Review: The Affair of the Mysterious Letter
There are heaps of stories about Sherlock Holmes. Mountains of them. Oceans of them. Even if you dive down and start looking only at queer Sherlock Holmes re-imaginings, or alternate-reality-Sherlock-Holmes re-tellings, or gender-swapped Sherlock reworkings… well, you’re going to be here for a while.
THE AFFAIR OF THE MYSTERIOUS LETTER (Amazon) rolls a little bit of all of these variations together and while the result is absolutely bonkers, it’s also delightful.
Author Alexis Hall goes straight for the wild and weird. He does not set his version of Sherlock in a slightly-different-but-still-recognizable London. Or even a deliberately-not-London-but-clearly-still-familiar locale. Nope. THE AFFAIR OF THE MYSTERIOUS LETTER is set in the city of Kelathra-Ven, a cosmopolitan gathering place in a world full of witch kings, Eternal Lords, re-animated corpses, vampires, and inter dimensional portals.
It’s a big swing, but what keeps the reader grounded, rather than afloat in the rush of world building, is the straightforward story arc.
John Wyndham is in need of a better living situation, and the rent at 221B Martyr’s Walk is eminently reasonable, even if it does mean sharing living quarters with the unpredictable sorceress Shaharazad Haas. And if the landlady is a hive of bees living inside of an old corpse, well, there’s not much he can do about that either. Besides, Wyndham’s intrigued when Shaharazad’s friend Eirene Viola declares that a blackmailer is forcing her to call off her wedding.
Eirene is supposed to marry Cora Beck, of the Ubiquitous Company of Fishers, but the blackmailer is threatening to reveal Eirene’s all too sordid past if she doesn’t discreetly break off the engagement. Shaharazad grudgingly agrees to investigate five of Eirene’s former lovers and, with John in tow, she sets off to find the blackmailer.
Hall proves that the key to a successful Holmes and Watson re-telling isn’t dependent on time or space, but on sharp writing and an emphasis on character.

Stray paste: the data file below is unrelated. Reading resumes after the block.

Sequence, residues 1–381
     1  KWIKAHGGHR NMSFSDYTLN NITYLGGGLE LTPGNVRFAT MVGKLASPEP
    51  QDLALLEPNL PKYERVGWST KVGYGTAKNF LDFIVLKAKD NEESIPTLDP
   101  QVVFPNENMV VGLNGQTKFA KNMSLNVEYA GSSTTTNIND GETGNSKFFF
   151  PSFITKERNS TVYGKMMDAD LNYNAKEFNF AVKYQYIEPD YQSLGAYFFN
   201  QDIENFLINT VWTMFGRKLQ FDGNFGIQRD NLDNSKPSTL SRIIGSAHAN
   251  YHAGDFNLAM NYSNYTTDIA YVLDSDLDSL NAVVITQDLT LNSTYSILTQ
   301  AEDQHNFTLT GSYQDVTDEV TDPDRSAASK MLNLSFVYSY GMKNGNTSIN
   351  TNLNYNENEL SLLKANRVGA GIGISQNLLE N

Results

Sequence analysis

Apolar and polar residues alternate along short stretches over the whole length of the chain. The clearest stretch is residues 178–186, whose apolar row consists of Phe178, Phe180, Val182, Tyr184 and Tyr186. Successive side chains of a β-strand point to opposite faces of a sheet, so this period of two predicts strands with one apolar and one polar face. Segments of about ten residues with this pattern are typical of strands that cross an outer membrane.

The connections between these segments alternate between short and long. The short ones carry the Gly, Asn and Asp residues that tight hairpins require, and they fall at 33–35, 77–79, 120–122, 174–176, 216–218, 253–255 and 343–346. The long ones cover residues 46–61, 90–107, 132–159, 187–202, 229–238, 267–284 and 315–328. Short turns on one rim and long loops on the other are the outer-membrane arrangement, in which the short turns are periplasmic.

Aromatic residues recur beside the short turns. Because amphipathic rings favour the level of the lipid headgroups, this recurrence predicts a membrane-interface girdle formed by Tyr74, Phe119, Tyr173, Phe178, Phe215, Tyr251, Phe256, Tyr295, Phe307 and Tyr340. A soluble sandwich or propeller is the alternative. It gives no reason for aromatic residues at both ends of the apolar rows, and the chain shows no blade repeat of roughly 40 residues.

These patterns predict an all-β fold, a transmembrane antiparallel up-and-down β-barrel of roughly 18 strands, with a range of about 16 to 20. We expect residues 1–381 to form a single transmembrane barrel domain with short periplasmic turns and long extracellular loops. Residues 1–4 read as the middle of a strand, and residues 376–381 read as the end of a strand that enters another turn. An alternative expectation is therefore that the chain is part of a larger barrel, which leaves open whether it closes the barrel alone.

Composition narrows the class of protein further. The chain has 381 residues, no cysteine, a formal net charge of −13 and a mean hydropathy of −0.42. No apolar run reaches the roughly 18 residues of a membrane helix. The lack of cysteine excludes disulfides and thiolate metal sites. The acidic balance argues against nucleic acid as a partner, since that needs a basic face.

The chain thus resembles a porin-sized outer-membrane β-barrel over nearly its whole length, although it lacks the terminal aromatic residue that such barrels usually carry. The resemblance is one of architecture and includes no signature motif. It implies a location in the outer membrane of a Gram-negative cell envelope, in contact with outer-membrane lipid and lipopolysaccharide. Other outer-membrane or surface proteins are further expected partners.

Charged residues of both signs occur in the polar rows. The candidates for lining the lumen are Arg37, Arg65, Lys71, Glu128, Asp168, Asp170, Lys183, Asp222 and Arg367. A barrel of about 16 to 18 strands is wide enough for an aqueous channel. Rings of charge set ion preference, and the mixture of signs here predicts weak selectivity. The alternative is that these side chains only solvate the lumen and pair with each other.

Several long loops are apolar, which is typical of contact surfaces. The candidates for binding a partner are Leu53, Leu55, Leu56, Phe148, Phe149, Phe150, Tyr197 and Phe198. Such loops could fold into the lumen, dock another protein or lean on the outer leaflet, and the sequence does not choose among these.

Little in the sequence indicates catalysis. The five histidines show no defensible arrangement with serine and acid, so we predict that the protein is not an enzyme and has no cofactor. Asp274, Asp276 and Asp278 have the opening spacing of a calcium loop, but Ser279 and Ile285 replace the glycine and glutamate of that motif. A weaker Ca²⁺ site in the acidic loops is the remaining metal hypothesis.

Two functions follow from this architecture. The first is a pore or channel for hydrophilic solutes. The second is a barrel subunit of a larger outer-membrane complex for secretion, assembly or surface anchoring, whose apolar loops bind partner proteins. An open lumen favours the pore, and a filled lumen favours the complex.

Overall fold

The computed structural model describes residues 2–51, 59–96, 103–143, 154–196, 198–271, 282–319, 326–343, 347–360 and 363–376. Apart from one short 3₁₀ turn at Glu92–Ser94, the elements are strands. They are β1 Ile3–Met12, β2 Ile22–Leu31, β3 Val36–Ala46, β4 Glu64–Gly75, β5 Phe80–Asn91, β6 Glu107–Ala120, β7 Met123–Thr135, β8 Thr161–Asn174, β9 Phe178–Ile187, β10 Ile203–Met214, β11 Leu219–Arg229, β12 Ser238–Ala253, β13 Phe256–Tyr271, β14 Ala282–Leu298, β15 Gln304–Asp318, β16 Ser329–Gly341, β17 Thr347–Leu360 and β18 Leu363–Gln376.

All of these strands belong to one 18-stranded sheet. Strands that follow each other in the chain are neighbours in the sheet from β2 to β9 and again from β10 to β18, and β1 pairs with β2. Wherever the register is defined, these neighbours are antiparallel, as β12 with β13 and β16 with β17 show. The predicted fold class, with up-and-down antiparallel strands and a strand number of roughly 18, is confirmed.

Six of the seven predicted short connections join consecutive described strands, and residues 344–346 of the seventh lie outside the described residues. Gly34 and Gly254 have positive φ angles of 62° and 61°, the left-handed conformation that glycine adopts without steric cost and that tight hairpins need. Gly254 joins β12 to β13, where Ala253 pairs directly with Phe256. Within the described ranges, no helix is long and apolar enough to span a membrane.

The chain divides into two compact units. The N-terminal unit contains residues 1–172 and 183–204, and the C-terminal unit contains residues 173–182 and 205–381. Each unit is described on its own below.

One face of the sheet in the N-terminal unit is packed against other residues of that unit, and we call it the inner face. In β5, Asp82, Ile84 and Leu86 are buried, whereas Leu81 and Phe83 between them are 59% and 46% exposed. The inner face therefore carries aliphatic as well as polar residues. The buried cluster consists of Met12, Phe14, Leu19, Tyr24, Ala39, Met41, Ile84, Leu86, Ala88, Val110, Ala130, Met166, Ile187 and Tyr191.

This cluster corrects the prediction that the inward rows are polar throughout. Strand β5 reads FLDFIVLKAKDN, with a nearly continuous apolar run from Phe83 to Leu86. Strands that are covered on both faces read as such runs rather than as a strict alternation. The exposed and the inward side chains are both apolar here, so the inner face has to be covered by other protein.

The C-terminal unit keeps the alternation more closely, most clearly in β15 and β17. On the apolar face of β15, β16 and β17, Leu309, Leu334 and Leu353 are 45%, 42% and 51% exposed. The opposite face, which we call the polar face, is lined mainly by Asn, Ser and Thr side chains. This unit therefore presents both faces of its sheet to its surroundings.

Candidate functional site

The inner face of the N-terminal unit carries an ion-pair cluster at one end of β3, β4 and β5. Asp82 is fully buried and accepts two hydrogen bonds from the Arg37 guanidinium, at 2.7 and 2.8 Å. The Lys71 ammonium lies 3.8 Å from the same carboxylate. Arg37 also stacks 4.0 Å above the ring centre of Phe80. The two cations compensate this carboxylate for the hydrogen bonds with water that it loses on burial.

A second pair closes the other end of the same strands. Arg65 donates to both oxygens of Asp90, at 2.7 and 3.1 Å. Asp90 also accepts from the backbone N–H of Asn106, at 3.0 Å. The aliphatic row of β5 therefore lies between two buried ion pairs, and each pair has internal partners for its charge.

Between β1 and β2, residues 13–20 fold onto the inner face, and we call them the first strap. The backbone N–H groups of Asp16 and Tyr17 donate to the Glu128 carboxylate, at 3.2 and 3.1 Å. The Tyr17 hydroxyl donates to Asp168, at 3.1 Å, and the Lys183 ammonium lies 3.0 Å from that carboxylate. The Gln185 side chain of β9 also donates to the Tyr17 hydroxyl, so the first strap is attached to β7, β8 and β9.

That’s it! Keeping the plot beats familiar allows readers to enjoy the ride and the world that Hall has built. Shaharazad and John’s dynamic will be as familiar to readers as it is compelling and entertaining. The mystery itself is nothing to write home about, but then, the heart of Sherlock’s popularity lies not in the mysteriousness of it all (although that’s certainly part of it!) but in the characters.
Wyndham is a delightful narrator. His Victorian sensibilities come not from the milieu of 1890s London, but from having grown up as part of the Church of the Creator, whose sole purpose was to fight the oppressive and hedonistic rule of the Witch King Iustinian. His compassion and good sense are an entertaining foil to Haas’s antics.
While Wyndham embodies many Victorian sensibilities from his upbringing, he is also a trans man. Hall touches on John’s backstory with a light hand, but allows the tension between John’s conservative upbringing and his transition to motivate his character and gives him greater depth and tension.
While I worried that Hall’s faux-victorian narrative style might be a little wearying after a while, he continues to mine it for comedy throughout. Wyndham’s editorial conceit of ‘editing’ out Shaharazad’s (and everyone else’s) choicer language might have easily lost its charm, but Hall keeps his narrative fresh. In fact, Wyndham’s small attempt to assert editorial control by eliminating inappropriate language, when juxtaposed against his complete lack of control as Shaharazad drags him through vampire castles, towers of insanity, and at least one literary salon, is admirable.
THE AFFAIR OF THE MYSTERIOUS LETTER proves that the key to a successful Holmes and Watson re-telling isn’t dependent on time or space, but on sharp writing and an emphasis on character.
- Recommended Age: 12+
- Language: Almost none, thanks to John Wyndham
- Violence: Mild Peril
- Sex: Implied, mentioned, not seen